The road freight industry is showing huge signs of recovery from the damage caused by the national recession in 2008/09.
When the recession struck, the number of unemployed HGV drivers claiming Job Seeker’s Allowance increased by over 400% from 2,900 to 15,000. Thankfully since then, the drivers have been re-claiming their jobs at a rate to rival the rate in they found themselves unemployed.
Since the 15,000-strong peak in 2009, the number of claimants has fallen by over 60% to 5,620 in 2011 (latest data available). This goes to show the improvement in the industry as it was able to counteract such a devastating blow in such a short space of time and is testament to the hard work and dedication seen by the road freight companies in their efforts to improve national unemployment.
A Statistical Report published a graph to better visualise the data:
The increased workloads and demand for new workers has not only increased the numbers of HGV drivers in employment but has also seen vastly improved amounts of work throughout the sector resulting in an increased amount of goods vehicles shipping cargo on the nation’s roads.
By the end of 2010 (latest data available), there were more than 400,000 licensed heavy vehicles weighing over 3.5 tonnes throughout Great Britain. Of these, around 80% were registered as heavy vehicles carrying goods (HGV’s). logistics in Manila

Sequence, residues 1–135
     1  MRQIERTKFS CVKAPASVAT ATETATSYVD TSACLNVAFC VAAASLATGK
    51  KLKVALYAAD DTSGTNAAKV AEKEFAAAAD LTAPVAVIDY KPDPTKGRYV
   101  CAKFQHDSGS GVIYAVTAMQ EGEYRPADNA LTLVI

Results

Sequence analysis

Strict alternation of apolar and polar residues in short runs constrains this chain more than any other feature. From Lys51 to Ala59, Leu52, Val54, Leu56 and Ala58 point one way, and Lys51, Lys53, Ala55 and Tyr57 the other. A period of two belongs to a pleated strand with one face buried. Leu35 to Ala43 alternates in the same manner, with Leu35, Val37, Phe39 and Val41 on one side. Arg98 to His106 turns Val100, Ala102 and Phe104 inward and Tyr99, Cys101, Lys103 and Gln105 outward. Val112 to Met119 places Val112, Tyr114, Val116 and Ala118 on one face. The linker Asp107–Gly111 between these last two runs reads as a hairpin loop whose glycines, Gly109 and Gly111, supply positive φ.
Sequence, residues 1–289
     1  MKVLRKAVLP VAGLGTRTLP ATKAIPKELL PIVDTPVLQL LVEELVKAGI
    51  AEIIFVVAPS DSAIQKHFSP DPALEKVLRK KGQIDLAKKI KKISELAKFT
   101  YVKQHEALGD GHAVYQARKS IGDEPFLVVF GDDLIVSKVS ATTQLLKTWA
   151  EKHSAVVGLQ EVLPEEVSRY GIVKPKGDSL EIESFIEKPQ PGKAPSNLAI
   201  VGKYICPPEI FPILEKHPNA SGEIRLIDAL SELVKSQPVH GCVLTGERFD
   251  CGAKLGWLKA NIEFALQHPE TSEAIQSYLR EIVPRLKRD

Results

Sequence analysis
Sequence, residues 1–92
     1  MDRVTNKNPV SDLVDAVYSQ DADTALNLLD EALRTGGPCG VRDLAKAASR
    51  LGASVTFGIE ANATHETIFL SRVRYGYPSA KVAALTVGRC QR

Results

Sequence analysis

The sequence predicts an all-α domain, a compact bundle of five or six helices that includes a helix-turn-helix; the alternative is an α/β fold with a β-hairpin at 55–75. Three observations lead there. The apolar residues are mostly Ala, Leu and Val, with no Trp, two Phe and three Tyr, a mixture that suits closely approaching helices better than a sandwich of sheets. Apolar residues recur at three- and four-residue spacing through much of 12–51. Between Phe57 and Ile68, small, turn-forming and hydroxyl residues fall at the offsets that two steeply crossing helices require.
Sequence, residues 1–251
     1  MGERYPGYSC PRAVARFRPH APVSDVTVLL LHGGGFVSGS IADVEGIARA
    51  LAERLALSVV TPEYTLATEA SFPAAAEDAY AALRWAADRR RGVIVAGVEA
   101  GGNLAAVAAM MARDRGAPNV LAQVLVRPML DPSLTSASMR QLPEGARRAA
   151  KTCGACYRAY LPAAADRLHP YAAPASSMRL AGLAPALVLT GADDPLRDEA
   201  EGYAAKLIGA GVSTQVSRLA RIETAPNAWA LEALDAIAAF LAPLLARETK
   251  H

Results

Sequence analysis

In 2010 alone, there were around 27,000 new HGV’s registered in Great Britain; an increase of 3,000 from the same statistics taken in 1991.
The numbers of heavier articulated HGV’s has been vastly increasing due to the economical re-balance that the industry has felt since the beginning of the demise of the national recession. In 2000, approximately 26% of all articulated HGV’s had a gross weight of over 40 tonnes. In 2010 (latest data available) the percentage had increased to approximately 72%. The numbers of HGV’s are improving as are their size.
HGV’s are not the only road freight vehicles to see an increase in numbers in recent times; the number of light goods vehicles (LGV’s) has also been increasing rapidly. In 2000, there were a registered 2.4 million light vehicles carrying goods throughout the nation. Ten years later, this proportion had increased by 35% to a total of 3.2 million.
As you can see in the graph from the same statistical report, the rate of increase was steady in all areas until the national recession which took effect between 2008/09:
Luckily since the recession took its hold, the numbers have started to rise again and should continue for the foreseeable future as the industry looks to implement the lessons learned from the past.
In 2010, the total miles travelled by light and heavy goods vehicles exceeded 58 billion miles. this was a 22% increase on the miles travelled by goods vehicles in 2000 – even more evidence to suggest an improvement within the industry.
So, all in all, it’s clearly evident that the road freight industry is working hard to rectify the problems caused by the recession. The whole industry was dealt a major blow during 2008/09 when the nation almost folded under the pressure caused by crippling national debt. The road freight industry struggled to cope with the shortfall in work and had to make redundancies as a result. However, it is refreshing to see that the hard work and recovery strategies put in place by these individuals and companies are helping to build a more prosperous industry and long may this continue.